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Record-Low Arctic Sea Ice Is the 'New Normal,' NASA Says

Melt season in the Arctic Ocean has consistently experienced record lows in recent years. This year, a record low for the sea-ice extent (the area of ocean covered by the ice) was set in March, with relatively rapid ice loss continuing through May, according to NASA scientists. Although the melting slowed in June — likely keeping this year's summertime sea-ice minimum extent from setting a new record low — the Arctic ice is not bouncing back, the scientists said.


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Teensy Pterosaur Was the Size of a House Cat

A recently discovered pterosaur was a real pip-squeak compared to the much larger flying reptiles that flapped across the skies during the age of dinosaurs. It is significantly smaller than any other pterosaur from that era, and is the first of its kind found on North America's west coast, the researchers said. While the new pterosaur has yet to acquire an official scientific name, its fossils provide an important example of the variety in pterosaur forms — especially during the Late Cretaceous, when their diversity was waning, the scientists wrote in the study.


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Explosion at SpaceX launch site at Cape Canaveral: media reports

(Reuters) - An explosion rocked the launch site for Elon Musk's SpaceX Falcon 9 rocket at Cape Canaveral in Florida on Thursday and black smoke could be seen rising into the air from the facility, multiple U.S. media reports said. It was not clear if anyone was hurt by the blast, and a spokesman for SpaceX did not immediately return a call for comment. A spokesman for NASA said he had no information and that the agency was not involved. (Reporting by Daniel Wallis and Laila Kearney; Editing by Meredith Mazzilli)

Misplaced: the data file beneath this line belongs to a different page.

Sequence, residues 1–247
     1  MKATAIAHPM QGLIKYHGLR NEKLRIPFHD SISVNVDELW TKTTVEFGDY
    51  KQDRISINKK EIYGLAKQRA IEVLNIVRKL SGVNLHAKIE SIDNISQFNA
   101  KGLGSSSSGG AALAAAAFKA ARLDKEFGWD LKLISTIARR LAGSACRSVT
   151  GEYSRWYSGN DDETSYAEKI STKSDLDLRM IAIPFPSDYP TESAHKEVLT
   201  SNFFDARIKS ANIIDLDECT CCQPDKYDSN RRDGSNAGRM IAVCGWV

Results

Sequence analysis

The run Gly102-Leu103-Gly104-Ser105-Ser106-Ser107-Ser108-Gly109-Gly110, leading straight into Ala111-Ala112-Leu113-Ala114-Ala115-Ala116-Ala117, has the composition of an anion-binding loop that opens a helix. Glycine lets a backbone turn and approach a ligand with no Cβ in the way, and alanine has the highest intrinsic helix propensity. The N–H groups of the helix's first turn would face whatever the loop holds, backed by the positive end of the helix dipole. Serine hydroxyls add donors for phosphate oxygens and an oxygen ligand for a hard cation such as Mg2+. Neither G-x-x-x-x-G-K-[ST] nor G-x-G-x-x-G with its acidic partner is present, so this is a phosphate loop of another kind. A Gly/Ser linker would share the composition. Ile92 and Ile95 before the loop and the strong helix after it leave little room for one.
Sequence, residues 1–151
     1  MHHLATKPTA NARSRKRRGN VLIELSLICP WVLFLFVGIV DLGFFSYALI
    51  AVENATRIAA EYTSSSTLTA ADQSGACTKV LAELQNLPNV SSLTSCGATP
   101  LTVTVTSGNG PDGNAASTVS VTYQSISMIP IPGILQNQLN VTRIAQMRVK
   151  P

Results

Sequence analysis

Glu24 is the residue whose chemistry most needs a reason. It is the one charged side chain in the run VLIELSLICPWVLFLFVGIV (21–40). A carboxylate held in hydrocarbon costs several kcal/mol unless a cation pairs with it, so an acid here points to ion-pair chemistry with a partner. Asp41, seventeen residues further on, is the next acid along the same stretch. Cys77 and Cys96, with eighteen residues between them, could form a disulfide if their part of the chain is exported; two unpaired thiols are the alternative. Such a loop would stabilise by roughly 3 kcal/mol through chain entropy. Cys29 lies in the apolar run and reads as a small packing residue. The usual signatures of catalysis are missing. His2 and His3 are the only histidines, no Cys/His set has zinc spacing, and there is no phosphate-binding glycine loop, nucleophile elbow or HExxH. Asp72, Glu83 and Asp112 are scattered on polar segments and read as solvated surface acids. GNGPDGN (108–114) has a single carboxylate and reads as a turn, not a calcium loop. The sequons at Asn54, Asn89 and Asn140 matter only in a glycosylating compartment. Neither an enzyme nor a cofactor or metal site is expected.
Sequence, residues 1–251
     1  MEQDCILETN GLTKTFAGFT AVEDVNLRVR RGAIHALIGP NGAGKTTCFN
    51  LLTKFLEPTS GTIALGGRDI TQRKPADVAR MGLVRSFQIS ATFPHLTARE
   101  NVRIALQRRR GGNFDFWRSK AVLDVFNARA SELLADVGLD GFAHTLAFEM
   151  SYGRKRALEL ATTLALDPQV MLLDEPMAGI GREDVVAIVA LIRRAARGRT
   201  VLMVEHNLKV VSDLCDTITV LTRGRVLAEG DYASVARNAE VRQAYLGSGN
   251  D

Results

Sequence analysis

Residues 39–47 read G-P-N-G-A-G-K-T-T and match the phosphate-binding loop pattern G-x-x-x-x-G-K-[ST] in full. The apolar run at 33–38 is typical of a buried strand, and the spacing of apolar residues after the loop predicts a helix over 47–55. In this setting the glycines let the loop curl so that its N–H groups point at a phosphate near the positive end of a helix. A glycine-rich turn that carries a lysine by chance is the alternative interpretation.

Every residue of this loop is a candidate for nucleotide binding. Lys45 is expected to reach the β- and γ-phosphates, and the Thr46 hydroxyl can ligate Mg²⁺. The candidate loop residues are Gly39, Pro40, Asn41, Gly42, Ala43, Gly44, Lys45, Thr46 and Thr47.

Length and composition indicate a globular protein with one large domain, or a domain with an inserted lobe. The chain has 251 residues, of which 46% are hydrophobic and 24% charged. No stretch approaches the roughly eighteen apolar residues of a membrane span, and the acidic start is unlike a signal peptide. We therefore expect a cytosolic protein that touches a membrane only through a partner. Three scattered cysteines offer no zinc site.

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What Earth's Oldest Fossils Mean for Finding Life on Mars

If recent findings on Earth are any guide, the oldest rocks on Mars may have signs of ancient life locked up inside. In a new study, a team of geologists led by Allen Nutman, of the University of Wollongong in Australia, discovered 3.7-billion-year-old rocks that may contain the oldest fossils of living organisms yet found on Earth, beating the previous record by 220 million years. If that's the case, then it's possible that Martian rocks of the same age could also have evidence of microbial life in them, said Abigail Allwood, a research scientist at NASA's Jet Propulsion Laboratory in Pasadena, California.